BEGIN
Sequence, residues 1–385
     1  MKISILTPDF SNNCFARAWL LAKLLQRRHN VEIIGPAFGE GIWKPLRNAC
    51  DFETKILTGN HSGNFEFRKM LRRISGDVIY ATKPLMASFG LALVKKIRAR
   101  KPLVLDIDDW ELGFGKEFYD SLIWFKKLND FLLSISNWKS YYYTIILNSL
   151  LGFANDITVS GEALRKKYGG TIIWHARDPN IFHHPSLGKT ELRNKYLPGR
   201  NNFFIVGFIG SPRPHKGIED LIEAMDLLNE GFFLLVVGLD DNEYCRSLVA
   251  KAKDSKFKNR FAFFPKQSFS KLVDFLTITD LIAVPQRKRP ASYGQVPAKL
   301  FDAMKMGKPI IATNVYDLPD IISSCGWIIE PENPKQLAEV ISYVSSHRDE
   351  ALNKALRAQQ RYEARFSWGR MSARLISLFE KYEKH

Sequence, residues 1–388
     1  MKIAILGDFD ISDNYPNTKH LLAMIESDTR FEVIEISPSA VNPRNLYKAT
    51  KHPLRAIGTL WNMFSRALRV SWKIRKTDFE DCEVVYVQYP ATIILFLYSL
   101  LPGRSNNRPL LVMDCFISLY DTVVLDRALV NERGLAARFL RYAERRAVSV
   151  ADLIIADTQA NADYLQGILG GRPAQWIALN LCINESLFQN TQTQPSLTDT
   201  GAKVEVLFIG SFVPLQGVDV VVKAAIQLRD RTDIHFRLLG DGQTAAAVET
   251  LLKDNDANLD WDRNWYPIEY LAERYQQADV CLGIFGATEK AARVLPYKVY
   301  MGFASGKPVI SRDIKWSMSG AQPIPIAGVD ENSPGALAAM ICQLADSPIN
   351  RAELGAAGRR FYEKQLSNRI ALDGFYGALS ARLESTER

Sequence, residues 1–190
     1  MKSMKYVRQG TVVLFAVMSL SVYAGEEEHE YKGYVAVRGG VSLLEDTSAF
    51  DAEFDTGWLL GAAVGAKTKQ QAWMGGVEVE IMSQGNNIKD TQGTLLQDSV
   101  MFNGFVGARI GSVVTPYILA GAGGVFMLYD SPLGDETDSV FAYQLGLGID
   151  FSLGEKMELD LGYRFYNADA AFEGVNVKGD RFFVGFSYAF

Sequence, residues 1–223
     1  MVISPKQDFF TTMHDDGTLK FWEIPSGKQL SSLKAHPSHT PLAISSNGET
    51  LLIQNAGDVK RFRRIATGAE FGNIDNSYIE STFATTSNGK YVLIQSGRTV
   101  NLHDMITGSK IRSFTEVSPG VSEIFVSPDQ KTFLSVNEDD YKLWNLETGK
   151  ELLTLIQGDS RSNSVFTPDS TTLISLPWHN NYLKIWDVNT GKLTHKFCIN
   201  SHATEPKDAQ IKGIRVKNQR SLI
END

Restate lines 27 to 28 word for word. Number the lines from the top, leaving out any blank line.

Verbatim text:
   101  NLHDMITGSK IRSFTEVSPG VSEIFVSPDQ KTFLSVNEDD YKLWNLETGK
   151  ELLTLIQGDS RSNSVFTPDS TTLISLPWHN NYLKIWDVNT GKLTHKFCIN